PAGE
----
1) Government report states problems of cost for tackling climate change with renewables (paragraph 5.2, The UK Renewable Energy Strategy, July 2009):
"The new ... measures ... in the UK Low Carbon Transition Plan [includes not just the Renewable Energy Strategy but also a number of other policies] will add on average an additional 6% to today’s household energy bills by 2020. Including all previously announced climate policies will increase this ﬁgure to 8%. The Government estimates that, taken in isolation, the measures included in this Renewable Energy Strategy would increase household electricity bills by 15% and gas bills by 23% by 2020 compared to what they would have been without these measures. The overall bill impacts of the UK Low Transition Plan are considerably lower primarily because they include policies for greater energy efﬁciency, and hence reduce energy bills."
2) Any massive structure affects the environment - note just because it is in the sea does not make the impact any less.
3) Climate changes future weather, but this is expected to increase strength/area of wind power in UK.
4) Any 'unused land' has a biodiversity/habitat conservation value, nutrient/carbon storage value, potential use value (especially revelant in UK as housing, road, industrial developers and those of us who like to 'see' unused land e.g. conservationists fight over our 'spare' land).
5) Countries will never work together to share energy resources until there is one sole goverment, and one international military force.
6) High Voltage Direct Transmission lines/cables (I think what might have been meant earlier by 'interconnectors') are cool, but only get cost-effective over quite large distances, bigger if I remember correctly than the distance from Glasgow to London.
7) Batteries in every home? Nice for those who can afford not to live in rented flats/tiny shitholes.
8) Vehicle-to-Grid power may allow for greater wind penetration (Kempton and Tomic, 2005 and Lund, 2007). I'm working on that but you'll have to wait a few years before I can tell you anything about the UK specifically. Quick explanation: smart grid, plug-in vehicle types, time charging with low peak demand/high electricity available. Best support comes from companies with vehicles run on shift patterns - can fulfill role of otherwise expensive spinning reserve generators that switch on/off with wind intermittency. Role of Combined Heat and Power emphasised by Lund for Denmark.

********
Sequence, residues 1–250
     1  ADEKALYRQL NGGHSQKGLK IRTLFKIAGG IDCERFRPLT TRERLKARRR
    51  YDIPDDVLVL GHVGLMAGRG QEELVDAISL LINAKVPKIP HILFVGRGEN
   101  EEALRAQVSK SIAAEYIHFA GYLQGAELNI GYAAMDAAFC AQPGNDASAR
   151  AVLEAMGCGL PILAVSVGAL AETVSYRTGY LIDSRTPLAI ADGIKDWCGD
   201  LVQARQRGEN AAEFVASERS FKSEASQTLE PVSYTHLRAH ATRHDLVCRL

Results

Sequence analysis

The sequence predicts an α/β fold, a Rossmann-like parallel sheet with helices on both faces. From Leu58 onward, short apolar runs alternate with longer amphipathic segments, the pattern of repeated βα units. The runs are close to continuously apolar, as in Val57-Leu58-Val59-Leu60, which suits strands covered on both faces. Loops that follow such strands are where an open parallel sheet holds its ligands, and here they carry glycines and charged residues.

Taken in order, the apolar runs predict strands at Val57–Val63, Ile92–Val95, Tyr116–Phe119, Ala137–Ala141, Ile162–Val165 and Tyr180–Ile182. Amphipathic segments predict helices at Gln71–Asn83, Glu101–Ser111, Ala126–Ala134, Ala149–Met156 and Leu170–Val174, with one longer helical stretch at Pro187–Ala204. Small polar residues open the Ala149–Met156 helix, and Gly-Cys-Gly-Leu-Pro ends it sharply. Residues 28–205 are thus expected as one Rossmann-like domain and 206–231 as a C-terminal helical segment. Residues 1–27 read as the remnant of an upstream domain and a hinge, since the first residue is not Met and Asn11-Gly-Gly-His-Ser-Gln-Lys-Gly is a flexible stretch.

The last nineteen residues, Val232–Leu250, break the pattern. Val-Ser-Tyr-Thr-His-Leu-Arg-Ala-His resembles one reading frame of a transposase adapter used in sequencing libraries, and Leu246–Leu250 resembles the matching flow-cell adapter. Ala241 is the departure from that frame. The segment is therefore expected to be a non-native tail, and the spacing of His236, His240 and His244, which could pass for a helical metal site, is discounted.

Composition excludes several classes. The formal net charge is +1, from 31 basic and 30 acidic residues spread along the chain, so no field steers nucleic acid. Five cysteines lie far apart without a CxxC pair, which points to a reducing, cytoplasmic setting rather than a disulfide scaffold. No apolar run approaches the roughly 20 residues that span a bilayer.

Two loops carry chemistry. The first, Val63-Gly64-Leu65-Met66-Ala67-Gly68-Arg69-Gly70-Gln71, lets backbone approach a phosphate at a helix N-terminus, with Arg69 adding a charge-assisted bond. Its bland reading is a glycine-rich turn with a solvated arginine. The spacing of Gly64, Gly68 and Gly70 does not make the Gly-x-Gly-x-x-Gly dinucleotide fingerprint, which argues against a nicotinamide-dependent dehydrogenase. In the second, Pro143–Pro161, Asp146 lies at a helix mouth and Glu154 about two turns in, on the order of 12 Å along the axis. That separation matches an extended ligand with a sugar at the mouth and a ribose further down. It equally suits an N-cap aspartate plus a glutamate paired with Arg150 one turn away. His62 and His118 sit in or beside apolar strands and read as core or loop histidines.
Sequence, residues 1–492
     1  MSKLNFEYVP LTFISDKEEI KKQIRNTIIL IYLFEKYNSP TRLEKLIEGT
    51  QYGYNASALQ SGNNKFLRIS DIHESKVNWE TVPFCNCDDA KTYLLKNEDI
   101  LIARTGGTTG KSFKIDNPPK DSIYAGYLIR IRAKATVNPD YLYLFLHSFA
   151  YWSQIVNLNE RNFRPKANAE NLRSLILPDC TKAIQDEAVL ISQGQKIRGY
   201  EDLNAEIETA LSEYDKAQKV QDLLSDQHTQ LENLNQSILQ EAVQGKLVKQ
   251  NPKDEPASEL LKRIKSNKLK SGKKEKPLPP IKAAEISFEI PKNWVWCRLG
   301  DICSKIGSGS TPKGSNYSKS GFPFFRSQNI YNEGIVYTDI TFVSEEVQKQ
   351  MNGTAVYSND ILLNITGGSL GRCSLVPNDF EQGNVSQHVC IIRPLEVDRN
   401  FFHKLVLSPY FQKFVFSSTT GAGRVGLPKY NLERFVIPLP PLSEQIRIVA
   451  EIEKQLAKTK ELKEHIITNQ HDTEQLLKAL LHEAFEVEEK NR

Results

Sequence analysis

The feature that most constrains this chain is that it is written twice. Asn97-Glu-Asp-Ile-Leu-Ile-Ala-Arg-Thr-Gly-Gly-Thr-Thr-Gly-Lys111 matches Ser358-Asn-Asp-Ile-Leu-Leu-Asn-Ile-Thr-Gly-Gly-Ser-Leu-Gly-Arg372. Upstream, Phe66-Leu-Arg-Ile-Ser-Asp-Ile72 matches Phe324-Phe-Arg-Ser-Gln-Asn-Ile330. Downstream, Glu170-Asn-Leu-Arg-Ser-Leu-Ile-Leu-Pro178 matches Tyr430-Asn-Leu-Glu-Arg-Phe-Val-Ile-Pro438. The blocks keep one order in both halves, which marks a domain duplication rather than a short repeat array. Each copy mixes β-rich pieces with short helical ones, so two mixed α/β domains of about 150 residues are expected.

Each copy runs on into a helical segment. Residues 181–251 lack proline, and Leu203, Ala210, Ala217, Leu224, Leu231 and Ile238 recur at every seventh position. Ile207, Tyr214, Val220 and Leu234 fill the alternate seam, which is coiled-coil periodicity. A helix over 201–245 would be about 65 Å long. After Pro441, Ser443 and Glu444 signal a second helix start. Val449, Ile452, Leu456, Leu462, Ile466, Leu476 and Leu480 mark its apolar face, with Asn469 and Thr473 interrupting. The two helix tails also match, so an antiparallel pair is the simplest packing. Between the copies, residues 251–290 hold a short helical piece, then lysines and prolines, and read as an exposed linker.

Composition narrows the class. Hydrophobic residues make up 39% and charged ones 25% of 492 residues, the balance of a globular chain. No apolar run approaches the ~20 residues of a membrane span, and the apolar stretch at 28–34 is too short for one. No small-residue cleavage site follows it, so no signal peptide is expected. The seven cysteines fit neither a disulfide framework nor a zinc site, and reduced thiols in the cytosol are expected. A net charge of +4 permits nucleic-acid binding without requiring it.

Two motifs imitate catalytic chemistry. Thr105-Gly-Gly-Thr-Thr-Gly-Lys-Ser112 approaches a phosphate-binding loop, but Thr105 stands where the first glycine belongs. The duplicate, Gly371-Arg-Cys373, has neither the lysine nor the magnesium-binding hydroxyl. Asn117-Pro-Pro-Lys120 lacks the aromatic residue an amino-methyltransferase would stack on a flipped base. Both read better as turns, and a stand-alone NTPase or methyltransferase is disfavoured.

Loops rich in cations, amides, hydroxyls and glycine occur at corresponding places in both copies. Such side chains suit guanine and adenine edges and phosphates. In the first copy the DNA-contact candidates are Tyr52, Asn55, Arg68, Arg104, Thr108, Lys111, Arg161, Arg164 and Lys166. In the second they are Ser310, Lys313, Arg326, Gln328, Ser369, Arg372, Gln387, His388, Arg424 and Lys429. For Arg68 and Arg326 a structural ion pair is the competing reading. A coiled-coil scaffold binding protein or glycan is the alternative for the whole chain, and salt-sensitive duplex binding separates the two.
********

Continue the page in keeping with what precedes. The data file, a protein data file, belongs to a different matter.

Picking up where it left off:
9) But elec cars still pose same problem as home batteries, and distributed home generation e.g. solar thermal/voltaics or small scale wind: feed in tarrifs mean money for those able to afford these new tech, or rich enough to own a home big enough (or with it's own roof - e.g. only top floor of a block of flats could do photothermal/voltaic) to situate these new tech e.g. driveways, garages for cars.
10) You might like to point out as another flaw in reporting from the BBC/gov. on this: They intend that home generation through photothermal/voltaic etc. are given feed in tarrifs, and that income from these is free of income tax (box 3.2, The UK Renewable Energy Strategy, July 2009). Bare in mind my last paragraph, and ponder this: the medium-rich to rich get richer, the poor stay as they are and the gap widens.
11) No single solution is an answer. We need solutions are varied and adaptable, and suited to individual areas/peoples/weather/whatever, as the tropical rainforest is suggested to have life. Bio, or should I say, techno-diversity is the key, as is an attitude that sees all people, regardless their status or profession, as deserving of equal environmental health (note post by Anonymous Coward about £21k not deemed enough for a family to live on).
12) BBC never wants to comment on the fact that the number of people in this country needs to be no more than it is, less babies, more emmigration, less immigration, whatever. Then spread us out a bit more nicely, can I have a garden for when I have kiddies, please? That would be nice. The BBC reports on a mythical UK where everybody seems to have a house and a garden, and a car, and can afford holidays abroad. If that's not propaganda, I don't know what is.